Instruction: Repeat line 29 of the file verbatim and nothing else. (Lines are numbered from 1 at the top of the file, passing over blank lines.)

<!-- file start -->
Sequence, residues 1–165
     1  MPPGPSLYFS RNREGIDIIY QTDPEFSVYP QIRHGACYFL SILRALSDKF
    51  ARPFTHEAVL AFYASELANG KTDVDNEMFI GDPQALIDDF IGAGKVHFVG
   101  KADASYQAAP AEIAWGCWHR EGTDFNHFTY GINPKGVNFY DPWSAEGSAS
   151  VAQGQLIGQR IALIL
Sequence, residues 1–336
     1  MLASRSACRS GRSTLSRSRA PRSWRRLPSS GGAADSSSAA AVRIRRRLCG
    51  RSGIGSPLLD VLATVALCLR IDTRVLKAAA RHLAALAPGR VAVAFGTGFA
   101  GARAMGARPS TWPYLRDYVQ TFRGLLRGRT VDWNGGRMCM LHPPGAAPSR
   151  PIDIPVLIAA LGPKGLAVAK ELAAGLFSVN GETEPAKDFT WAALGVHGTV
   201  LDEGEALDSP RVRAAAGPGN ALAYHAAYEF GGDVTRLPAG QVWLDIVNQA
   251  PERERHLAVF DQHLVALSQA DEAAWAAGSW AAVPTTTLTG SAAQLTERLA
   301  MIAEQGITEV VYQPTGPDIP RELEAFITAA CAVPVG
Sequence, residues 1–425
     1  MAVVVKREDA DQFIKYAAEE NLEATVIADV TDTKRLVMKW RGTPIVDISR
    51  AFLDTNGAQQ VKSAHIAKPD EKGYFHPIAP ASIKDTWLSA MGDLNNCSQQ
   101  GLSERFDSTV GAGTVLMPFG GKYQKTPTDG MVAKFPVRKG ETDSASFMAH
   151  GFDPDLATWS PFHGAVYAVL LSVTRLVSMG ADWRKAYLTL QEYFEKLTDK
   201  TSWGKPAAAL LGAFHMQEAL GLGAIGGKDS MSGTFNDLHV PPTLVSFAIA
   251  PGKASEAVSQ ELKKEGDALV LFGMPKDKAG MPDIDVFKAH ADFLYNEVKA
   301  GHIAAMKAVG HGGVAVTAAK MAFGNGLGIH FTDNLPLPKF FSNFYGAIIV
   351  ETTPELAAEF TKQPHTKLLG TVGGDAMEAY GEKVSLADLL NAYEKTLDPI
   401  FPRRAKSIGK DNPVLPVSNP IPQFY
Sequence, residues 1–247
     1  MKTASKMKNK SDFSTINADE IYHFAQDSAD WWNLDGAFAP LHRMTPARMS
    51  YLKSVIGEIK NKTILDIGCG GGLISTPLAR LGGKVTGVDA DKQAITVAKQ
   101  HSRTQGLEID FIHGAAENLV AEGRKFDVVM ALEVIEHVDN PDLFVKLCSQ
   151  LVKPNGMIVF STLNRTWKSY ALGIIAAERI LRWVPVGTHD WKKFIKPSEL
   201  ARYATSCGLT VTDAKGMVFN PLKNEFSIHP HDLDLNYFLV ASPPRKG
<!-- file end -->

   201  ARYATSCGLT VTDAKGMVFN PLKNEFSIHP HDLDLNYFLV ASPPRKG